Courtesy of the Boston Public Library, Leslie Jones Collection.

This week’s photograph captures a group of men sitting on benches in the North End Prado, sometime around 1954. The space was formerly a narrow public way in the tenement district of Boston, but it was rebuilt in 1933 to increase sunlight in the neighborhood. The new prado design concept was originally inspired by the Prado Museum in Madrid, Spain.

Today’s popular landmark, the Paul Revere sculpture, was not installed in the Prado until 1940. Today, the area is formally known as the Paul Revere Mall.


Recently, Boston Parks & Recreation Department received funds to restore the area and are discussing ways to further enhance the space. Check out our coverage on the new project here, or learn more about the history of the original Prado here.

Tune in on Thursday’s to view our featured neighborhood photo from back in the day! Submit your historical photos using our Submit a Post form or tag @northend.waterfront on Instagram. Please include a caption or story telling about your photo.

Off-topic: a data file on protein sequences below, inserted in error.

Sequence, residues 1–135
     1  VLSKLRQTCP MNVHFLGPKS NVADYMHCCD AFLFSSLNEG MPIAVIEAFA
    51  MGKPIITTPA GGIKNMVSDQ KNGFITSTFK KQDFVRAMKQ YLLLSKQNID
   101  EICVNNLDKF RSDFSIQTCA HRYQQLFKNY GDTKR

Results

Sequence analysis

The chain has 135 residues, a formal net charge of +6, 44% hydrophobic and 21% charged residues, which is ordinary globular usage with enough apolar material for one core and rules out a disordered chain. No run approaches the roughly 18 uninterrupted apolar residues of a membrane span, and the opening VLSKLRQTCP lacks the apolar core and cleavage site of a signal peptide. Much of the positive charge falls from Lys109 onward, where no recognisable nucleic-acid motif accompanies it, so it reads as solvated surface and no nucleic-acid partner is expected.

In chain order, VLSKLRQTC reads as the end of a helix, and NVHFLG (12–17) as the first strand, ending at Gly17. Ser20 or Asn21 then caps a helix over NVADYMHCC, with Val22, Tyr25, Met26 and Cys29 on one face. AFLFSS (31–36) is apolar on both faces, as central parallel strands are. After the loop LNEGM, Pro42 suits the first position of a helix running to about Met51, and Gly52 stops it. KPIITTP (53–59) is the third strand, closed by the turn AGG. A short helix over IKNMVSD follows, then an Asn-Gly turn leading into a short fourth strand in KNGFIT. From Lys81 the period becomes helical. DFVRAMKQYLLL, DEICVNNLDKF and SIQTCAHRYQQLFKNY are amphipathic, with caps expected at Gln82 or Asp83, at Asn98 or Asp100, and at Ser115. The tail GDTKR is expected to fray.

See past historic neighborhood photo posts.

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  1. Lauren, thank you for sharing this photo of the Prado. I remember well walking through the Prado and seeing the gentlemen playing cards . They spoke Italian. I always loved how they were dressed in suits. Perhaps that day was a Sunday, as all the men wore suits on that day. Thanks for a happy memory!

  2. There appears to be an error in the date of the photograph. You indicated it was taken in 1954 however the Paul Revere Statue is not there. This picture must have been taken prior to 1940.

  3. The Paul Revere Statue (1940) is not in this photo, because the photo shows only the northeast corner of the park, close to the Eliot School playground. The photo was taken in 1954, less than 20 years after the Prado was created (about 1935). Notice how nice the brick walls and concrete caps look. The four large bronze plaques on the wall are now in the foyer of English High. At Prado upgrade meetings, some have asked Boston Parks to return the plaques to their original home, or install copies.


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